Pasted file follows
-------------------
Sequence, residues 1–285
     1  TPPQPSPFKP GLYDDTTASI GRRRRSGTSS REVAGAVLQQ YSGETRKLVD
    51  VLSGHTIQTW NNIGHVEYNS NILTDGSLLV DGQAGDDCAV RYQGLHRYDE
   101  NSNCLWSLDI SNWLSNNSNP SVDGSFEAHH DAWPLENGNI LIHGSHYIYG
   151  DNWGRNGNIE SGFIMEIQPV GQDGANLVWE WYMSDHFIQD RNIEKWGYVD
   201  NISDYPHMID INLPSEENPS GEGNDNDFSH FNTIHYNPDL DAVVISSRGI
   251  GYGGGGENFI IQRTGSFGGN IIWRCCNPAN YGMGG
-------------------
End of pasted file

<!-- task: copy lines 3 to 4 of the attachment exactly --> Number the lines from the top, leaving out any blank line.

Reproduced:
    51  VLSGHTIQTW NNIGHVEYNS NILTDGSLLV DGQAGDDCAV RYQGLHRYDE
   101  NSNCLWSLDI SNWLSNNSNP SVDGSFEAHH DAWPLENGNI LIHGSHYIYG